- Open Access
Differential analysis of quantitative proteome and acetyl-proteome profiling between premenopausal and postmenopausal ovarian tissues
Clinical Proteomics volume 15, Article number: 36 (2018)
Natural menopause is always accompanied by specific signs and symptoms, suggesting physiological changes in this peoriod. However, no systematic study has assessed the changes at molecular level in the ovaries during the menopausal transition so far. This study integrated quantitative proteome and acetyl-proteome to comprehensively uncover the changes of ovarian protein and protein-acetylation profiles in this transitional period. The findings would provide novel insights into the biology of menopause and help relieve and treat the associated signs and symptoms, further improving the women’s health care.
Freshly thawed ovarian tissue samples obtained from premenopausal and postmenopausal women were assessed with Tandem Mass Tags for the quantitative analysis of the global profile and acetyl-proteomes by 2-dimensional separation and LC–MS/MS.
Comprehensively, 4210 types of protein, with 3551 types quantifiable were detected. 3047 acetylated sites in 1583 types of protein with 2256 quantifiable in 1248 proteins were detected. By comparing the global and acetylated proteome profiles for postmenopausal women and premenopausal women, 151 types of proteins were found upregulated and 65 were downregulated, along with 23 acetylated sites upregulated and 220 sites downregulated. For Immune response, the complement and coagulation cascades plus the citrate cycle and cellular detoxification were found to be significantly enhanced, while the extracellular structure and matrix organization, ECM-receptor interactions plus the infections were markedly suppressed. In addition, the amino acids around the acetylated sites were enriched by motif analysis, which can help us uncover amino acid sequence and search for the specific target in the subsequent study.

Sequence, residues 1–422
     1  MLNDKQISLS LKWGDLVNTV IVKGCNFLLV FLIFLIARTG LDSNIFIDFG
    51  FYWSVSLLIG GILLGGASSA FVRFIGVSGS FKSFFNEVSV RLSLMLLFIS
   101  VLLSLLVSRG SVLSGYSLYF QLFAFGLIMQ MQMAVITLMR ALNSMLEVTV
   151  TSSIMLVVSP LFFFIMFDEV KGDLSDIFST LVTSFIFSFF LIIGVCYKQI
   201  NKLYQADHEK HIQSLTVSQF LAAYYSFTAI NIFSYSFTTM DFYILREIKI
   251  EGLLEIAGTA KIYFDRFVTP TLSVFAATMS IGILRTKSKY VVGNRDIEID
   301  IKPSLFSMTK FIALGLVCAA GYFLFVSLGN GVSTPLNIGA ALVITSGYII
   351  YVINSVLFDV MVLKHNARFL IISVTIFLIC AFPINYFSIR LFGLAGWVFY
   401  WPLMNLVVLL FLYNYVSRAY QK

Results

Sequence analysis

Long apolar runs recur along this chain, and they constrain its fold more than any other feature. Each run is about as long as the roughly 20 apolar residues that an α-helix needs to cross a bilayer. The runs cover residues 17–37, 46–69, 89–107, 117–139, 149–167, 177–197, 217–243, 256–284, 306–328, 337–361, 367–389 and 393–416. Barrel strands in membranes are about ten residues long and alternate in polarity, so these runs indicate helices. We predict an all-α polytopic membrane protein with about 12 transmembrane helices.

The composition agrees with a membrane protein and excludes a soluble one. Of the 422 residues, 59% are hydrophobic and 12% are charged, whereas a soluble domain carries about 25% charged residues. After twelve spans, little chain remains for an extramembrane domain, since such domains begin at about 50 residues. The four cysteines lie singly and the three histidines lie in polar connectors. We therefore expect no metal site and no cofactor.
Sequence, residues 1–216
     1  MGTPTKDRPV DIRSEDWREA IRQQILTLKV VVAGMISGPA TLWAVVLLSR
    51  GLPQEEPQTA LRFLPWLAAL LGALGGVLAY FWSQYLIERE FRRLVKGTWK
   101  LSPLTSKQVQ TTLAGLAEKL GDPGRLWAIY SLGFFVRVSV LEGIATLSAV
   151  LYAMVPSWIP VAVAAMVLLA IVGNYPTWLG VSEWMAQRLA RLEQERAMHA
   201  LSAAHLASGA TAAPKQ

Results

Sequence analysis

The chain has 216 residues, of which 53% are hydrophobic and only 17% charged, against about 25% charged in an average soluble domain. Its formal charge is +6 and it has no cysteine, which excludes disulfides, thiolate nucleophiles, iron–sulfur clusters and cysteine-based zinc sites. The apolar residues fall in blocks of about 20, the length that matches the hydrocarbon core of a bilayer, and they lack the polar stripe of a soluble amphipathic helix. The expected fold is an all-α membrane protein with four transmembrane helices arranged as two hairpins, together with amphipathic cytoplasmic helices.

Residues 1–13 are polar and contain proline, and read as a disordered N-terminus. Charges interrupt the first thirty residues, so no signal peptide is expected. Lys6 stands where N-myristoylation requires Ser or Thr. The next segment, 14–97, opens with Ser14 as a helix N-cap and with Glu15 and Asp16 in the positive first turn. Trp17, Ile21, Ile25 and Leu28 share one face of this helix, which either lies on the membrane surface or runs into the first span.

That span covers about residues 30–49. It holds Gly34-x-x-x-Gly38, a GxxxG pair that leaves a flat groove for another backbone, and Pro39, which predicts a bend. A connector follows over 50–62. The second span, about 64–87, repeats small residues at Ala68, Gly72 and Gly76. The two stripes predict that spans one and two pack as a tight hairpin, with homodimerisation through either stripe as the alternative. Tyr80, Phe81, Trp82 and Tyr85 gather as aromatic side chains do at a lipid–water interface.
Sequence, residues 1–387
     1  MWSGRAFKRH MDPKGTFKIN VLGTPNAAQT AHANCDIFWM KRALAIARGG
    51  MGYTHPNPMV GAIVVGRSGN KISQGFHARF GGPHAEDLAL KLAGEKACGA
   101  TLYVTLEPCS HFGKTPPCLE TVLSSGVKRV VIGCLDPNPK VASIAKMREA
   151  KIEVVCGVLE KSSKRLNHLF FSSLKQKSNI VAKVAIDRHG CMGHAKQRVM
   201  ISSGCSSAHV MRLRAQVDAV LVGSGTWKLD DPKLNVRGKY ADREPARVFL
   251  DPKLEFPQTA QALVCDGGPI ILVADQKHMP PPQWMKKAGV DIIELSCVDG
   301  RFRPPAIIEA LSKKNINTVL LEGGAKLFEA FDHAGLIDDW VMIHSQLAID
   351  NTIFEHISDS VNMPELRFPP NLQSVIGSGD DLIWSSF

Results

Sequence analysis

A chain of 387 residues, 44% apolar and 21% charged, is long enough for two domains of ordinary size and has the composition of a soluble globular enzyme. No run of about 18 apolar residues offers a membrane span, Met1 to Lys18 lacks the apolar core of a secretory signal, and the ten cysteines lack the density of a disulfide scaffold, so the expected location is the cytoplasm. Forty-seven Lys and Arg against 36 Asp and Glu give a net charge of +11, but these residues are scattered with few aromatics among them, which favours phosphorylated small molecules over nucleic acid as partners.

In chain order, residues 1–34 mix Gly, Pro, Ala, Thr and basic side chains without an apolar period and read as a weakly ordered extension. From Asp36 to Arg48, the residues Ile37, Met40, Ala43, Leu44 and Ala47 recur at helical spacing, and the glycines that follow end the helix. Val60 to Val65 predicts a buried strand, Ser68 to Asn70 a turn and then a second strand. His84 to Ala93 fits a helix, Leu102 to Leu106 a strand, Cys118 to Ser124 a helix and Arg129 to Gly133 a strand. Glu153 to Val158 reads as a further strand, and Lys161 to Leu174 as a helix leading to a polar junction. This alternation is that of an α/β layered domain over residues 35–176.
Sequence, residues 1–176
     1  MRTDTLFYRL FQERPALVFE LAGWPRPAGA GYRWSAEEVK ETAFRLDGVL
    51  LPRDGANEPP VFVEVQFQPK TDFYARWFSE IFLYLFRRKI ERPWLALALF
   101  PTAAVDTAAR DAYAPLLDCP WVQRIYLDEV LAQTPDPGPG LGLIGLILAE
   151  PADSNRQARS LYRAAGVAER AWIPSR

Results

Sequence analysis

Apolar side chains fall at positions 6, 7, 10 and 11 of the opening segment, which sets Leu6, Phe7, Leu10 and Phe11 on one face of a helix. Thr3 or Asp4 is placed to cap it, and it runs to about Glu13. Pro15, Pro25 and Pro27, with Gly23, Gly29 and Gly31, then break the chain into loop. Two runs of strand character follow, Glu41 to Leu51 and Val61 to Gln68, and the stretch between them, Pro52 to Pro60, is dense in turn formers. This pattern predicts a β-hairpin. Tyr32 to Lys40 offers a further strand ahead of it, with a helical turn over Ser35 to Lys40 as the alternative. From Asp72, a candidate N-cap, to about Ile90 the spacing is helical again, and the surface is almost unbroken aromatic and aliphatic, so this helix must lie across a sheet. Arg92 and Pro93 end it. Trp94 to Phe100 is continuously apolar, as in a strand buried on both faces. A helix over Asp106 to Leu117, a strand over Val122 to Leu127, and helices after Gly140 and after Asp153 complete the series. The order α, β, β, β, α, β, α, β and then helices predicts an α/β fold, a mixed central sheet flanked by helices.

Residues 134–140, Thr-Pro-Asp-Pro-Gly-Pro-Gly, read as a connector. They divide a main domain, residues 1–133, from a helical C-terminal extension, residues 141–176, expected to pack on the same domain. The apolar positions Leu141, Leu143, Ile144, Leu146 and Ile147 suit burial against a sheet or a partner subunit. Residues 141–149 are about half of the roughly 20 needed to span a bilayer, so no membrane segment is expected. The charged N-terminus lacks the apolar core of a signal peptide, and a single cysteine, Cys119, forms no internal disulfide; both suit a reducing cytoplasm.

Global and acetylated proteome Profiles in ovary differ between the premenopausal and postmenopausal groups. These proteomic-level changes may offer some potential biological markers to identify the pathological changes in ovary and help relieve and treat the associated signs and symptoms, and ultimately improve women’s health care.
Menopause is defined as the permanent termination of menstruation due to exhaustion of the resting primordial follicle pool and loss of ovarian follicular activity, and usually occurs at 51 years of age averagely (ranging from 40 to 60 years) . Despite it’s a natural process, menopause significantly affects women, both physically and emotionally, which is closely associated with psychosocial issues of midlife . The menopausal manifestations most reported are hot flushes and night sweats. In addition, menopause may also cause bone loss, breast diseases, problems in cardiovascular system, mood and cognitive dysfunctions, sexual issues, etc. [3, 4]. The risk of ovarian cancer is also elevated during perimenopause . Epidemiological surveys have evaluated the side effects of menopause , while biological transformations during menopausal transition are rarely assessed , so there is a lack of systematic understanding of menopause.
Protein modifications including methylation, phosphorylation, acetylation,ubiquitination, etc., are closely related to the pathogenesis and development of diseases,. For all kinds of protein modifications, Protein acetylation is particularly important as reported,  so we hypothesized that menopause might be associated with acetyl-proteome. Quantitative proteomics, a powerful approach in analyzing global proteomic dynamics, can identify thousands of proteins at the tissue, cellular, and subcellular levels [9, 10]. Combined with specific enrichment methods for modified peptides, such as phosphorylation , ubiquitination, and acetylation , it can also help assess post-translational modifications of the proteome with a high resolution . Beyond qualitative identification of thousands of proteins in a specific sample, it is equally crucial to quantitate them for the differences of protein expression [14, 15], which is critical in exploring and understanding protein kinetics and biological functions at the molecular level .